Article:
As the radio environment becomes more complex, a well-designed, advanced RFFE system is critical to the mobile experiences end-users demand from their devices and to prepare for the launch of 5G devices. Qualcomm Technologies’ comprehensive modem-to-antenna solutions are optimized to support exceptional connection reliability, blazing-fast data speeds, superior indoor/outdoor coverage, world roaming capability and long battery life.

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UN calls for electronics overhaul to beat e-waste

Seven UN entities have come together at the World Economic Forum to tackle the escalating scourge of electronic waste.

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Seven UN entities have come together, supported by the World Economic Forum, and the World Business Council for Sustainable Development (WBCSD) to call for an overhaul of the current electronics system, with the aim of supporting international efforts to address e-waste challenges. 

The report calls for a systematic collaboration with major brands, small and medium-sized enterprises (SMEs), academia, trade unions, civil society and associations in a deliberative process to reorient the system and reduce the waste of resources each year with a value greater than the GDP of most countries. 

Each year, approximately 50 million tonnes of electronic and electrical waste (e-waste) are discarded — the weight of more than all commercial airliners ever made. In terms of material value, this is worth 62.5 billion dollars– more than the GDP of most countries.  

Less than 20% of this is recycled formally. Informally, millions of people worldwide (over 600,000 in China alone) work to dispose of e-waste, much of it done in working conditions harmful to both health and the environment. 

The report, “A New Circular Vision for Electronics – Time for a Global Reboot,” launched in Davos 24 January, says technologies such as cloud computing and the Internet of Things (IoT), support gradual “dematerialization” of the electronics industry.  

Meanwhile, to capture the global value of materials in the e-waste and create global circular value chains, the report also points to the use of new technology to create service business models, better product tracking and manufacturer or retailer take-back programs.  

The report notes that material efficiency, recycling infrastructure and scaling up the volume and quality of recycled materials to meet the needs of electronics supply chains will all be essential for future production.  

And if the electronics sector is supported with the right policy mix and managed in the right way, it could lead to the creation of millions of decent jobs worldwide. 

The joint report calls for collaboration with multinationals, SMEs, entrepreneurs, academia, trade unions, civil society and associations to create a circular economy for electronics where waste is designed out, the environmental impact is reduced and decent work is created for millions.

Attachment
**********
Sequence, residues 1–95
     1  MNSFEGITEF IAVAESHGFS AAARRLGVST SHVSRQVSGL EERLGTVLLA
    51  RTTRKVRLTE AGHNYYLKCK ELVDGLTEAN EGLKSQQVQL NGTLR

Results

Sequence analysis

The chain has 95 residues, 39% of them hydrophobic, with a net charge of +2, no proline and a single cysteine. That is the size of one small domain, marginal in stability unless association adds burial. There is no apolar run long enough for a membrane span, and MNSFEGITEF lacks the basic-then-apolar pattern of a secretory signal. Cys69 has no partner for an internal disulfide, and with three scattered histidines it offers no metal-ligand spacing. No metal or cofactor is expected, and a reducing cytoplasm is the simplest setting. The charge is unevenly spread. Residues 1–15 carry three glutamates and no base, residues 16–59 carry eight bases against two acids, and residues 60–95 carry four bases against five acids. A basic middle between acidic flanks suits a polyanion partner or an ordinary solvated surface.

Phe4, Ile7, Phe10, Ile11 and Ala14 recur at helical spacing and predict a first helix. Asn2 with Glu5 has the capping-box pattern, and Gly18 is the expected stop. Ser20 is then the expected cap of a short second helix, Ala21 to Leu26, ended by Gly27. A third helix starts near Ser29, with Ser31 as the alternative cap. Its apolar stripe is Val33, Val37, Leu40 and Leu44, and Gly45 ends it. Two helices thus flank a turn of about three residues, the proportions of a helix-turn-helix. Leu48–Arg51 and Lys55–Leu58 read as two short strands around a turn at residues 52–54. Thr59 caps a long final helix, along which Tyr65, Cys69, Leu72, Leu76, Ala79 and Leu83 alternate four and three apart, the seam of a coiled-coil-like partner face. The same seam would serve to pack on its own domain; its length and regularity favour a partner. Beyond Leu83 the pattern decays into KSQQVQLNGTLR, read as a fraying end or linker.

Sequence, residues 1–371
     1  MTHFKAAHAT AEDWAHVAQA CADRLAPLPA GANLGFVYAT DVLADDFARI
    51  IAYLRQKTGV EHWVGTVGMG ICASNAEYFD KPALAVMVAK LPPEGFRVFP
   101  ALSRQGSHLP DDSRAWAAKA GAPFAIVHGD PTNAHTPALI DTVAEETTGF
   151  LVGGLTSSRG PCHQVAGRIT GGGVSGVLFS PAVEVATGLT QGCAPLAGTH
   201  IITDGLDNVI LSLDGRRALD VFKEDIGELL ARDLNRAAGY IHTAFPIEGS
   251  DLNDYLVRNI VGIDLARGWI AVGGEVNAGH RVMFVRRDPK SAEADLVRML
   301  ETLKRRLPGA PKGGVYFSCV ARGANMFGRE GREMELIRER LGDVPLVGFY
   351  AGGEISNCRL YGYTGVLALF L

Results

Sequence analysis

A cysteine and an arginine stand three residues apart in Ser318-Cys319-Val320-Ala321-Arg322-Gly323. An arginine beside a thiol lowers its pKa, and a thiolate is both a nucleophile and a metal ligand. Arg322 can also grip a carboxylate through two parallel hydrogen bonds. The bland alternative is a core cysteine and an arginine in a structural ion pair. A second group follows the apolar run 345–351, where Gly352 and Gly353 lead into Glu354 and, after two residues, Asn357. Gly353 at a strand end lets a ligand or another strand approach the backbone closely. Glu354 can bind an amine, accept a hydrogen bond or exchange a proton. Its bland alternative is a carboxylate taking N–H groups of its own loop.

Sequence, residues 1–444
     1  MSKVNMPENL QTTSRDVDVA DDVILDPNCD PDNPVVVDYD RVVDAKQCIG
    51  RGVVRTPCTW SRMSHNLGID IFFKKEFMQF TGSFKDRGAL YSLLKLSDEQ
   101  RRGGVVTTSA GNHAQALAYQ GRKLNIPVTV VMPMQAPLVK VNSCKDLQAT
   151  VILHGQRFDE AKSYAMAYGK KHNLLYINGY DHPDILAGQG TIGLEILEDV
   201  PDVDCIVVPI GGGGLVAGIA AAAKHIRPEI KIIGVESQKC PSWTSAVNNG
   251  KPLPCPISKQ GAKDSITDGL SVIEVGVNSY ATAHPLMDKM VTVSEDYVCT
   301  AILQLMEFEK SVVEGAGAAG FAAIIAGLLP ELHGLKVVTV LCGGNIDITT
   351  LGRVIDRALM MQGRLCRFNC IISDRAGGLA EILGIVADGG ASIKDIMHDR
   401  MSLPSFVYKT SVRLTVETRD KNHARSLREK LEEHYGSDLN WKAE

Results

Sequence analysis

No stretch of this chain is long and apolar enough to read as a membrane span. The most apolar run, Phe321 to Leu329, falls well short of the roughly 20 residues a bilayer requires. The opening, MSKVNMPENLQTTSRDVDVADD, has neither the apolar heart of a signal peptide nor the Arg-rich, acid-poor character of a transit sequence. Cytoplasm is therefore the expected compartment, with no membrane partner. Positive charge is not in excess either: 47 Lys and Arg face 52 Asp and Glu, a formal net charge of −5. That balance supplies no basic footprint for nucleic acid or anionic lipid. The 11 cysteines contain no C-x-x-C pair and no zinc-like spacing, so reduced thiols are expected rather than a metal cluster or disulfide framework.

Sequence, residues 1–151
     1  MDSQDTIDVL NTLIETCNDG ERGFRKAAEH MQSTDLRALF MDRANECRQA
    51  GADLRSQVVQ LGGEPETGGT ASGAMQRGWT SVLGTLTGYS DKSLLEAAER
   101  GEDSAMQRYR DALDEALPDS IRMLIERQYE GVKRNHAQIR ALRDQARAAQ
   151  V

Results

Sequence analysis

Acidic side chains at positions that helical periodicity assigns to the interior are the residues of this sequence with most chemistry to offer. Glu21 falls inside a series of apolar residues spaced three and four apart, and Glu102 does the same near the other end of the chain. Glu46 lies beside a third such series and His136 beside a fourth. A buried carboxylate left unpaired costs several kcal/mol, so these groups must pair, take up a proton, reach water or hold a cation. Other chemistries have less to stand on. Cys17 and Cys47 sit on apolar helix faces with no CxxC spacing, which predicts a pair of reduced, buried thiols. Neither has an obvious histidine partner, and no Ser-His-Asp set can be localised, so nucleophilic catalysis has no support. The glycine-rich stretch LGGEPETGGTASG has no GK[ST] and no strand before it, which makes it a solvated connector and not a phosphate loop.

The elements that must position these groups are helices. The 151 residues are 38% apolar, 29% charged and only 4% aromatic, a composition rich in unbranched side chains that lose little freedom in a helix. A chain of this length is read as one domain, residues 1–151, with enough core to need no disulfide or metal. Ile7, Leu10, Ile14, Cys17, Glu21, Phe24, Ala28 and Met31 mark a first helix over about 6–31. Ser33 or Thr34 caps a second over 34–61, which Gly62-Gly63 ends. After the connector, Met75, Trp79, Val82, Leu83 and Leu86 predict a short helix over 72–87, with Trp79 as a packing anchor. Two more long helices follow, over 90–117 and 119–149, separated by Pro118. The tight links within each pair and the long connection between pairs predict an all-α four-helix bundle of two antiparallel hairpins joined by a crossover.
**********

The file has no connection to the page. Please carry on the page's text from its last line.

The new report supports the work of the E-waste Coalition, which includes: 

  • International Labour Organization (ILO); 
  • International Telecommunication Union (ITU); 
  • United Nations Environment Programme (UN Environment); 
  • United Nations Industrial Development Organization (UNIDO); 
  • United Nations Institute for Training and Research (UNITAR); 
  • United Nations University (UNU), and 
  • Secretariats of the Basel and Stockholm Conventions (BRS). 

The Coalition is supported by the World Business Council for Sustainable Development (WBCSD) and the World Economic Forum and coordinated by the Secretariat of the Environment Management Group (EMG).  

Considerable work is being done on the ground. For example, in order to grasp the opportunity of the circular economy, today the Nigerian Government, the Global Environment Facility (GEF) and UN Environment announce a 2 million dollar investment to kick off the formal e-waste recycling industry in Nigeria. The new investment will leverage over 13 million dollars in additional financing from the private sector.   

According to the International Labour Organization, in Nigeria up 100,000 people work in the informal e-waste sector. This investment will help to create a system which formalizes these workers, giving them safe and decent employment while capturing the latent value in Nigeria’s 500,000 tonnes of e-waste. 

UNIDO collaborates with a large number of organizations on e-waste projects, including UNU, ILO, ITU, and WHO, as well as various other partners, such as Dell and the International Solid Waste Association (ISWA). In the Latin American and Caribbean region, a UNIDO e-waste project, co-funded by GEF, seeks to support sustainable economic and social growth in 13 countries. From upgrading e-waste recycling facilities, to helping to establish national e-waste management strategies, the initiative adopts a circular economy approach, whilst enhancing regional cooperation.